Unlike static, single-pallet deep selective racks, a dynamic pushback rack system allows storing pallets two to five deep while providing easy access to a variety of different SKUs. Pallets are stored behind each other in a series of nested carts and are loaded from the same side of the system, eliminating separate aisles for each function. Composed of a stable rack along with a series of inclined carts and rails, when one pallet is pulled, the one behind it rolls forward.

To quickly teach forklift operators the key differences between traditional static loads and the dynamic pushback system while avoiding forklift damage or pallet rack damage, warehouse managers are training staff with the help of a free handbook ”Pushback System Safe Operating Procedures User Handbook” provided by the national manufacturer of racking and storage systems. The pushback safety handbook highlights best practice procedures and illustrates them with easy-to-understand graphics.

However, for maximum pallet rack use in a minimum footprint, along with inventory management capability, a warehouse pallet flow storage system can be the answer. In a pallet flow storage system dynamic flow rails are inclined in a static rack structure. This allows loads placed on one end to move by gravity on rollers to the unloading end, with speed controllers acting as gentle brakes. As a load is removed, the loads behind it move forward automatically.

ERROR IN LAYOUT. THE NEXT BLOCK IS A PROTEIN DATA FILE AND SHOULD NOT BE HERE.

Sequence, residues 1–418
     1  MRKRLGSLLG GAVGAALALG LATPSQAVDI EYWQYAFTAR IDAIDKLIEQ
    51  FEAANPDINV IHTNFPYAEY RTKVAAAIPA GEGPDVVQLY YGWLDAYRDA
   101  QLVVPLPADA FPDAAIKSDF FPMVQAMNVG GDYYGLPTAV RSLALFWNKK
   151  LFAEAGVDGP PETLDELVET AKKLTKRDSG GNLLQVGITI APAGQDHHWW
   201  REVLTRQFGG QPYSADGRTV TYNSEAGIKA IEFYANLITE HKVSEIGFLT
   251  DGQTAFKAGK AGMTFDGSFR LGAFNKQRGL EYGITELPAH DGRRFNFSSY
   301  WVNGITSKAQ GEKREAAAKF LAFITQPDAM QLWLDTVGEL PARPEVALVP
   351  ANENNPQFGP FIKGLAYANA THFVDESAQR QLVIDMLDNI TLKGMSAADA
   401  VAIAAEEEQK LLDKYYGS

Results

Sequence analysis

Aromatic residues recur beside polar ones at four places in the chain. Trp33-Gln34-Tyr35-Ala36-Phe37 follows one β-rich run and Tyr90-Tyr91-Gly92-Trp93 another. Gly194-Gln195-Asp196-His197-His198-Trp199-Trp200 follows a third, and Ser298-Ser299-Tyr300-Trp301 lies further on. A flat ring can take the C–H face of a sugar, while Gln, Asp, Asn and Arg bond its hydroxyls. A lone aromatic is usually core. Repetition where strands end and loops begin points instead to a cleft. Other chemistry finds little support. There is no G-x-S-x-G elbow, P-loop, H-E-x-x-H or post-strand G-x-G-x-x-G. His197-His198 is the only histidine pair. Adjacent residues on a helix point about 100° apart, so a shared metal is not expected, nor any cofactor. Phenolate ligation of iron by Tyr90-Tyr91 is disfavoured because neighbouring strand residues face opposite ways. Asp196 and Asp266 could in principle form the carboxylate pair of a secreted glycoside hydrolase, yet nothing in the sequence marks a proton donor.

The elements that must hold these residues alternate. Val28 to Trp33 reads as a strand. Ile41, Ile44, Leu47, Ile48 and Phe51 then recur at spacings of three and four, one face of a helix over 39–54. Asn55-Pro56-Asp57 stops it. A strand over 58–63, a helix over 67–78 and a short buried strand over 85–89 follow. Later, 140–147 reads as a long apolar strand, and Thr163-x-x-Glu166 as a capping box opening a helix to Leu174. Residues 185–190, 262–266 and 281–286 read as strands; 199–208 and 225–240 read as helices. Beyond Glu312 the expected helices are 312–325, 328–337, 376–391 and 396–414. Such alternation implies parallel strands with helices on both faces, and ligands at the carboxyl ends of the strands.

Once loaded, FIFO product rotation is automatic, and the rack eliminates labor and fork truck operation to arrange loads. Forklifts are required only for the initial and final unloading. Compared to traditional selective pallet rack use, which requires multiple aisles, aisle space can be reduced by 75 percent and up to 100 percent more products can be stored.

Realistically, not every logistics firm, manufacturer, distributor, or retailer has the resources to sign deals for new space before ground is broken. So, when reimagining the warehouse space, they occupy becomes the priority, implementing one or several of the options discussed can free up significant storage space in their existing facility. The net effect of reclaiming this underutilized space can not only improve operational efficiency today, but also help to accommodate the inevitable supply chain shocks of the future, whatever the cause.

John P. Clark is the Director of Marketing for Steel King Industries, Inc. (, a designer and manufacturer of warehouse storage racks, pallet racks and material handling/safety products since 1970.